6 Important Things to Remember When Giving Medicine to Your Baby
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  • Giving kids too much or too little medicine can lead to serious side effects. A study published in the journal Pediatrics in 2016 showed that four out of five parents unintentionally give their child the wrong dosage of medication with some giving twice as much!

    Here are tips from Dr. Clair McCarthy, a pediatrician and editor for Harvard Health Publishing, the U.S. Food and Drug Administration, KidsHealth, and BabyCenter how to safely give your child medicine.

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    1. Get all the info and details right
    When your child’s doctor prescribes medication, make sure you have all the information you need before you leave. Things you should clarify when your child is given a prescription include: 

    • What the medicine is for exactly (or why your child has to take it)
    • How many days/weeks your child has to take the medicine
    • How many times a day he has to take it (would your child have to be woken up at night, for example, if the medicine is “every six hours”)
    • What the proper dosage is (ask for dosing in mL as much as possible, clarify any decimal points, etc.) 
    • If the medicine has any possible side effects
    • What you should do if you miss giving your child a dose
    • If your child has to eat before taking the medicine
    • If the medicine needs to be kept in the fridge

    Even for medicines you can buy over-the-counter, you should still consult your child’s doctor for advice. There are seemingly safe medication that should not be given to children such as aspirin and cough and cold medicines (unless prescribed by a doctor). Inform the doctor of your child’s allergies as well, if any.  

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    2. Don’t use a spoon from your kitchen drawer for your baby
    “Spoons come in many different sizes and are not precise enough to measure a child's medication. For infants and toddlers, a small error — especially if repeated for multiple doses — can quickly become toxic,” says Dr. Ian Paul, a pediatrician and a lead author of children's medicine dosage guidelines from the American Academy of Pediatrics.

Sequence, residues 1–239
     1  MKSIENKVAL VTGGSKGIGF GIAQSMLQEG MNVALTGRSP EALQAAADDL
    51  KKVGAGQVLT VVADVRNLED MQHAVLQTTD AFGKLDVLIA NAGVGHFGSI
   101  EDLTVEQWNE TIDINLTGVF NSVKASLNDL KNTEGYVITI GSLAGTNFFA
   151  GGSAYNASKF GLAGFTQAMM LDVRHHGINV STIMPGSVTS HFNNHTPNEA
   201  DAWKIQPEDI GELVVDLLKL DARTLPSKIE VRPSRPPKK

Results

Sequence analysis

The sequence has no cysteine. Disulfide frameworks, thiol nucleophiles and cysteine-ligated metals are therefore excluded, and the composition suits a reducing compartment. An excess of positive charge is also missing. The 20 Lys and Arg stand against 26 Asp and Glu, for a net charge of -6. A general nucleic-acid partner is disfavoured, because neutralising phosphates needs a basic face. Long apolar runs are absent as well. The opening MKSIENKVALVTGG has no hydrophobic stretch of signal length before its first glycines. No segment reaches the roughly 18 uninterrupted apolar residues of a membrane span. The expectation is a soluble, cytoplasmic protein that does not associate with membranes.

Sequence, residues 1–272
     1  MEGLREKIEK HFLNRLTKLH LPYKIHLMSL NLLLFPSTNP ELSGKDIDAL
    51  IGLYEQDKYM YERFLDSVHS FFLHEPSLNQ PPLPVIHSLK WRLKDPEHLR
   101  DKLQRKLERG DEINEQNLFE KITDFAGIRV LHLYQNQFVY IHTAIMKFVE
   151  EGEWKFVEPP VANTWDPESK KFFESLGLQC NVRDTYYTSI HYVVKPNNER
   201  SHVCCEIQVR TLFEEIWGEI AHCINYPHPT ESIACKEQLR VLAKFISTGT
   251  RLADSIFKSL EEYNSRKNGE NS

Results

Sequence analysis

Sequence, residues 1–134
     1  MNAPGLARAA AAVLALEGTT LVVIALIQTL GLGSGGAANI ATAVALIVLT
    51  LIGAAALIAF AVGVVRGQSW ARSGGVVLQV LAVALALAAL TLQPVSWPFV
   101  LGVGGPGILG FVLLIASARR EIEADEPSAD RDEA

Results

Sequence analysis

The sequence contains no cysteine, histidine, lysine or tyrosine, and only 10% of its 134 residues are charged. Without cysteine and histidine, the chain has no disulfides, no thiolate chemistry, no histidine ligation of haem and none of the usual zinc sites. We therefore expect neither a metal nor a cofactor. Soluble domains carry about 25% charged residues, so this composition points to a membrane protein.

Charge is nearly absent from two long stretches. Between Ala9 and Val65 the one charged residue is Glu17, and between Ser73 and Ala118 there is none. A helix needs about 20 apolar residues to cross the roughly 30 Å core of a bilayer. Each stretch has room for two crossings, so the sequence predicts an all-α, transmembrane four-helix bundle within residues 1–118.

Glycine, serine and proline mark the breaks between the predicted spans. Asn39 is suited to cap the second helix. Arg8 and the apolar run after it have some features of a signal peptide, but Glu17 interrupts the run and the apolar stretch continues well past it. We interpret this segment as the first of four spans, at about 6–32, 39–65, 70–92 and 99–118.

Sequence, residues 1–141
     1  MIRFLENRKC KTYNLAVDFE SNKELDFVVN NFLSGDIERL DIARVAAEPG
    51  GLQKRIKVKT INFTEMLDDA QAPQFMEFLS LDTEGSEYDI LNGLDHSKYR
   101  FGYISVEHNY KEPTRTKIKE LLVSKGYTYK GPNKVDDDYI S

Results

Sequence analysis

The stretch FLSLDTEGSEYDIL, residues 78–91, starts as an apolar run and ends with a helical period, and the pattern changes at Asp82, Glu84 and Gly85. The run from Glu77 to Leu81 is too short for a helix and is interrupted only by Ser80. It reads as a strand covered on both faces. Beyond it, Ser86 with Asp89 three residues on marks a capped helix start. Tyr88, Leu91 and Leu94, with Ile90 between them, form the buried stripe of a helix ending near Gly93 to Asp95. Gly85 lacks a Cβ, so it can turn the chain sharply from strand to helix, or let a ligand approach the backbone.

3. Use the right tools and don't estimate
    The proper tools include are a medicine dropper, dosage cup, dosage spoon, and oral syringe. These often come with the medication you’re buying, but it’s always good practice to check if one is included before leaving the pharmacy. 

    Check as well that the tool has measurements for the dose the doctor has prescribed. If the dosage cup has measurements for 5 mL and 10 mL but the prescription calls for 7.5 mL, don’t guess! Buy an oral syringe or dosage cup that has your needed measurements. 

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    4. Double check every time
    At the drugstore, read the label of the medicine you’ve just bought.  Is it the same as the one the doctor prescribed and right for your child’s age? (Infant drops can be more concentrated, for example, and should not be given to older children.) 

    When it’s time to give your child his medicine, see if the bottle needs to be shaken and double check the dose you’re supposed to give him. When you’ve poured it out, check the dosage again. 

    5. Prescription for antibiotics should be strictly followed
    Always follow the doctor’s prescription. When it comes to antibiotics, don’t stop halfway through the number of days instructed. According to Mayo Clinic, “full treatment is necessary to kill the disease-causing bacteria. Failure to take an antibiotic as prescribed can result in the need to resume treatment later and may promote the spread of antibiotic-resistant properties among harmful bacteria.” 

    6. Observe and don’t hesitate to consult again
    Is your child getting better? “If it seems like you've been giving your child medicine for a long time but aren't getting anywhere, check the directions,” said BabyCenter. “If his symptoms aren't getting any better, continuing beyond the recommended time limit won't do him any good. At that point, it's probably time to talk to his doctor.”

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